BENNINGTON — A second resident of the Vermont Veterans’ Home has tested positive for COVID-19 and is hospitalized at Southwestern Vermont Medical Center.
Melissa Jackson, the facility’s CEO, said Friday the infection was confirmed through a standard PCR test this week. She said she could not provide a report on the veteran’s condition because of patient privacy restrictions.
Jackson had announced on Wednesday that another resident who was diagnosed with the disease in early January had died. That infection was revealed through regular testing after a half dozen staff members at the Veterans Home tested positive for COVID-19 in late December and two more tested positive shortly afterward.
All of the staff members, who were asymptomatic prior to their positive tests, have since been cleared to return to work, Jackson said.
She said Friday that she and staff members have consulted with officials from the state Department of Health, and it was decided to continue on the testing schedule already in place, along with continued quarantining of all residents in their rooms since the December outbreak.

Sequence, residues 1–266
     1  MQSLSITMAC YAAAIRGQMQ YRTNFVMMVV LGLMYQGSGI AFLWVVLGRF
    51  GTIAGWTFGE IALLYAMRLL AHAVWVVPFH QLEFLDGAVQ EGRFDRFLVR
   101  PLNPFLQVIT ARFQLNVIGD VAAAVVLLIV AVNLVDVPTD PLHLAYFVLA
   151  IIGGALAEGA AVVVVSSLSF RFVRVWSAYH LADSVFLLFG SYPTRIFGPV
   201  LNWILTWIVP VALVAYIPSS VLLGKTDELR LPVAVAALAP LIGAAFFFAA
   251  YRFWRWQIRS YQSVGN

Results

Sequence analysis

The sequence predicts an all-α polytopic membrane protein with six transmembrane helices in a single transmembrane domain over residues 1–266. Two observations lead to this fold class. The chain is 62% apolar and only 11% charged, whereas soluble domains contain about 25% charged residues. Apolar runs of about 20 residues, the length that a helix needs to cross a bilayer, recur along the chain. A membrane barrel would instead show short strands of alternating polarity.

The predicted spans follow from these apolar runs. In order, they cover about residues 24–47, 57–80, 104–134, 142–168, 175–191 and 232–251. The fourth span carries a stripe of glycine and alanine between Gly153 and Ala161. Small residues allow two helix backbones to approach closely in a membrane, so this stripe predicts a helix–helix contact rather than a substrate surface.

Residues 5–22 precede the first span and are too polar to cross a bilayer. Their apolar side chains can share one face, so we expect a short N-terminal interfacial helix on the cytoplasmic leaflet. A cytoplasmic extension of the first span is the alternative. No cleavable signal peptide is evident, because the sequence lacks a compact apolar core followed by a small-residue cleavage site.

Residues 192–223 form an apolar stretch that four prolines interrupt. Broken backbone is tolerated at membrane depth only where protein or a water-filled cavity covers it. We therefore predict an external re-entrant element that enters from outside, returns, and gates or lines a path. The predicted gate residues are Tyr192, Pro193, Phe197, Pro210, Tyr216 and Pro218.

A Zoom videoconference meeting was held Friday afternoon to update family members of the residents and answer questions, Jackson said. Visits from family and friends have been discontinued since the recent outbreak surfaced through testing.
“We will continue to do what we are doing,” Jackson said. “There will be no immediate changes.”
Currently, she said, standard PCR tests are given to staff and residents twice weekly and rapid Antigen tests are given daily to both groups.
It remains unclear how the resident now hospitalized was infected, she said.
While vaccination of staff and residents is well underway, Jackson said that a vaccinated person could still become infected but have only a mild case and be asymptomatic.
Of approximately 200 staff members, about 75 percent will have had at least one of the two shots required for the vaccination after a clinic planned for Saturday, Jackson said, while the others declined the vaccination or have yet to receive it.
She said medical staff are meeting with those not yet vaccinated to provide information and answer questions.
Of 106 residents, five declined the shot and one could not receive it because of medical conditions, she said.
Jackson said she continues to have concerns as she has since COVID-19 reached the U.S. in the spring.
“It keeps me up at night,” she said, adding that she believes the staff “is doing every thing we can” during a time when Bennington County is experiencing a high rate of COVID-19 infection.
“Our staff is doing everything they can,” she said.